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Understanding The Article Of Incorporation

Aug 17, 2007
An Article of Incorporation or Certificate of Incorporation is the set of rules that help govern management, and you file it with the governing authority, which is either the state or the particular regulatory authority. An Article of Incorporation covers the basics of the inception of the company like the board of directors, details about the number of shares, and its ownership. Although the rules and bylaws vary among different states the basic draft remains almost same.

What an Article of Incorporation Covers
Article of Incorporation covers the following necessary details that are to be disclosed while filing for Incorporation:

The name of the Incorporator or the person, who is organizing the company.

The details of share holders including the amount of shares they own.

The details of The Board of Directors.

The details of the registered officer, the company's legal representatives, and the authorized signatory of the company.

Key Provisions
The whole process of Incorporation authorizes a group of people coming together to work on a particular segment in a particular manner, as a legal entity. The company proposes to the registrar of Aboriginal Corporations, after the registration and the authorization from the Government authority, that the incorporation is in place and the company is incorporated. By incorporation under the Aboriginal Councils and Association Act of 1976 (ACA Act) a company can reap the following benefits:

The members of the corporation may not be held accountable or liable for the corporation's debts, if the promoters disclosed this intent at the time of registration.

The members of the corporation consider or impose the customs of the state in some cases, or they provide a provision to consider such a tradition and take care not to disturb it.

An indigenous corporation is authorized to operate across states in the whole country.

There may be provisions for particular domain corporations rendering them exempt from filing annual financial statements.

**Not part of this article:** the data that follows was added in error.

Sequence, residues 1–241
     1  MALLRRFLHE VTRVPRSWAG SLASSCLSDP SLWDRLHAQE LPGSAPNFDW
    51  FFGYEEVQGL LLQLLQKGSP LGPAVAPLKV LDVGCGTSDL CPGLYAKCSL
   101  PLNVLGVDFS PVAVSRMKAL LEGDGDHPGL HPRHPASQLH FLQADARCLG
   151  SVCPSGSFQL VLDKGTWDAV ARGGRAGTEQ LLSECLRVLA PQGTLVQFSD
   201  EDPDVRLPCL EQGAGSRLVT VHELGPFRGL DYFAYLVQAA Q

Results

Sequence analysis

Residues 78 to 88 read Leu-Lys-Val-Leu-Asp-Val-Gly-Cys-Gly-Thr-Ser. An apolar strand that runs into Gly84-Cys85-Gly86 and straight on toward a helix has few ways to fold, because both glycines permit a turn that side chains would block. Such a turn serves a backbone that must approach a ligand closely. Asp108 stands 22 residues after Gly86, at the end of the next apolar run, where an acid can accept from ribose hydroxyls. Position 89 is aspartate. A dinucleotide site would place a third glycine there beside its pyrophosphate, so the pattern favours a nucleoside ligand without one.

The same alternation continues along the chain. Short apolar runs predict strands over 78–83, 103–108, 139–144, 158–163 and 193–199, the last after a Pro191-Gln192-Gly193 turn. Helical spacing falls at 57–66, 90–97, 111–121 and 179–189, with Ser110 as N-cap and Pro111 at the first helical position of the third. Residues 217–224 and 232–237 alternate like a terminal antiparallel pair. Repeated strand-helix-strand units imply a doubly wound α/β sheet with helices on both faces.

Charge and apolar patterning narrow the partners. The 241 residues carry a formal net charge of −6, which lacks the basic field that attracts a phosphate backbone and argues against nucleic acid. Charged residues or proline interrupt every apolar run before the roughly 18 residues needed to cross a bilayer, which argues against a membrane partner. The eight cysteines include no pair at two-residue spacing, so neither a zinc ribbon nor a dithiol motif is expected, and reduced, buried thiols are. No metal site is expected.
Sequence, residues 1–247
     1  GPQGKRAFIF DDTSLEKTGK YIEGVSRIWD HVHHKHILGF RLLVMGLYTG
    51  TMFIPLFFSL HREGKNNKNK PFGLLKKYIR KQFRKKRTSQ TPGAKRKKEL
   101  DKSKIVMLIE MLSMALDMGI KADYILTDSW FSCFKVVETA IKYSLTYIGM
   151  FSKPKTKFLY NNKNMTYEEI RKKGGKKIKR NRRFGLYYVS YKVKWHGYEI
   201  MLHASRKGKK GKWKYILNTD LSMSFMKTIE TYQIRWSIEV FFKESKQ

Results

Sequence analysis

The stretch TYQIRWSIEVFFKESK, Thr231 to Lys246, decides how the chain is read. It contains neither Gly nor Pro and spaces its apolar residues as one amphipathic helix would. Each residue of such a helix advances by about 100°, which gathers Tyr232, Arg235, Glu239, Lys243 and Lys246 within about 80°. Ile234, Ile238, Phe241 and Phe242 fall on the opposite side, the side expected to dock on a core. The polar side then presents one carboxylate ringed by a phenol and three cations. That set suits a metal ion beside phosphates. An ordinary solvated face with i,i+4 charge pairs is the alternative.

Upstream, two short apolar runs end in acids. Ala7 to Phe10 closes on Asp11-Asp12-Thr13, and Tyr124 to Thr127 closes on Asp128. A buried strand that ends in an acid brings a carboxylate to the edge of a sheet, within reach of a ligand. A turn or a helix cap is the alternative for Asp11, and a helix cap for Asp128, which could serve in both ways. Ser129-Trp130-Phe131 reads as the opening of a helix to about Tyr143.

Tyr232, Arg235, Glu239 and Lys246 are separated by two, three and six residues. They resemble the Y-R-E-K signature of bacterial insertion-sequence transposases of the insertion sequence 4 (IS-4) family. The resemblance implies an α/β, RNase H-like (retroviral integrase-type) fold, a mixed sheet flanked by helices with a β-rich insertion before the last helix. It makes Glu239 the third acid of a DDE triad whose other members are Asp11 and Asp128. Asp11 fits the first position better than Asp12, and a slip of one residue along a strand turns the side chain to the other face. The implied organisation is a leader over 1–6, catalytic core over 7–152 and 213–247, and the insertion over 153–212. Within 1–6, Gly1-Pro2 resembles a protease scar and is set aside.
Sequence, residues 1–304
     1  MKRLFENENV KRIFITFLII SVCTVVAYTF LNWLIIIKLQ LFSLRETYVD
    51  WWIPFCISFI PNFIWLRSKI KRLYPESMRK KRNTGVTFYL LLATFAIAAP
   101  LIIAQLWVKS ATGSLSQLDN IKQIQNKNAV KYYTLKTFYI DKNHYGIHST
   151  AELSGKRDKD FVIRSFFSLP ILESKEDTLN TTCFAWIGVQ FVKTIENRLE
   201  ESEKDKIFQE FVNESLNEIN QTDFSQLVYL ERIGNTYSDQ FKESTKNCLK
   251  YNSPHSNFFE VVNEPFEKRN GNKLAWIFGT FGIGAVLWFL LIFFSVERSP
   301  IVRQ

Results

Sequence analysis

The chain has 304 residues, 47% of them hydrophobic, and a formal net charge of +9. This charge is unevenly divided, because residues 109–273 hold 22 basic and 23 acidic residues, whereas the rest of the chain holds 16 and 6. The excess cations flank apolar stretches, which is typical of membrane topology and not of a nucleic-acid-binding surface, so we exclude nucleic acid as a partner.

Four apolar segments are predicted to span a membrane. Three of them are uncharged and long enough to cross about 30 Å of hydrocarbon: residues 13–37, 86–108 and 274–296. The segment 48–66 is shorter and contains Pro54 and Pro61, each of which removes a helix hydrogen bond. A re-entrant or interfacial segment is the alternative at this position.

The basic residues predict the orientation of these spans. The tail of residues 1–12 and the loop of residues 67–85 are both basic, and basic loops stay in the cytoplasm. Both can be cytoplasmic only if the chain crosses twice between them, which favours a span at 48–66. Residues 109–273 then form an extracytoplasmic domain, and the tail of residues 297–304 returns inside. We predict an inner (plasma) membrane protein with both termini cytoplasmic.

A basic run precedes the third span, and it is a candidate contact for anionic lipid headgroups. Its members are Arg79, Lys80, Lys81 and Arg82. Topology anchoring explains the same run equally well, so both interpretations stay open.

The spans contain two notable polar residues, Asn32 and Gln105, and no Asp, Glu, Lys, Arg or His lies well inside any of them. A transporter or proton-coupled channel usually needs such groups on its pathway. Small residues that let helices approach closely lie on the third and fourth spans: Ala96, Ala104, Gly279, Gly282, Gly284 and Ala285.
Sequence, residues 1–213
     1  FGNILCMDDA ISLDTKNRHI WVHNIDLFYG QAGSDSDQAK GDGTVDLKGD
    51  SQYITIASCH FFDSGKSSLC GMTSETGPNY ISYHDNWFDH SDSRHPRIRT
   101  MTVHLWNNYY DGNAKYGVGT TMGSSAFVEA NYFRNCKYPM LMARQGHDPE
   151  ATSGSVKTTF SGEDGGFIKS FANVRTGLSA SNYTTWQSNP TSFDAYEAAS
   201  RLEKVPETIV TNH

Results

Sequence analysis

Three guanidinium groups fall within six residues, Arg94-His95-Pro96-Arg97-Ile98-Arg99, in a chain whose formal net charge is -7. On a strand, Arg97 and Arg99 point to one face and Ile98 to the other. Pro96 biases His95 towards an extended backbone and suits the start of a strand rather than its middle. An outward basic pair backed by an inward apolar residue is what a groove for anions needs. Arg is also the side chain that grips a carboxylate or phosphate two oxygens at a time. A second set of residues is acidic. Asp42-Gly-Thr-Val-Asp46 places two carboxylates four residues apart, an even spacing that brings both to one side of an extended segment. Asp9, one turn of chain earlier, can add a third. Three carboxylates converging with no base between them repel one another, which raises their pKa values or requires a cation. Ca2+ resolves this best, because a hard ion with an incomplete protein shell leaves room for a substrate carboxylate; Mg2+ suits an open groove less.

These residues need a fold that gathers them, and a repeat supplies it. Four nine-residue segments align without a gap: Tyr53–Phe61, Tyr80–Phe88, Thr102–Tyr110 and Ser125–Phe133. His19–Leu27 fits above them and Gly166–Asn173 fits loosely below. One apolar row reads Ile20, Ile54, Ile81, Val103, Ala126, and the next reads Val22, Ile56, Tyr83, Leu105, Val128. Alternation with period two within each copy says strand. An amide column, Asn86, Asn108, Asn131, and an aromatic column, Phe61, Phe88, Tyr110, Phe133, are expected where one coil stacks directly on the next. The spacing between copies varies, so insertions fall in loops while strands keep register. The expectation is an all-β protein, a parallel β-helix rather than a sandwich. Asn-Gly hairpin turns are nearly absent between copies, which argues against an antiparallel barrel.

The cost of filing for incorporation is less.

The registrar of Aboriginal Corporations can provide client assistance & support

Key Features
The Registrar and the Securities and Exchange Commission (SEC) document and monitor the laws related to the buying of securities or selling of them. Issues like designating the number of members for a majority, public offerings, and the plan for public offerings, also find attention in the act. They include guidelines related to the proxy solicitation and mergers in the act, and subsequent by-laws. Voting rights, dissolution issues, issues related to dividends for the shareholders, and the division of profits, are adhered to. The act also defines indemnification and the limitation of liability of the directors and the officers, contracts, advancement of expenses, interpretations of bylaws, and the incapability of a few certain provisions.

Additional Help
There are software packages available for entities, which intend to become corporations. This software helps with the required documentation and other compliance related issues, to make the work more smooth and streamlined.
About the Author
David Gass is President of Business Credit Services, Inc. His company publishes afree weekly e-newsletter on Small Business Consulting at their web site http://www.smallbusinessconsulting.com
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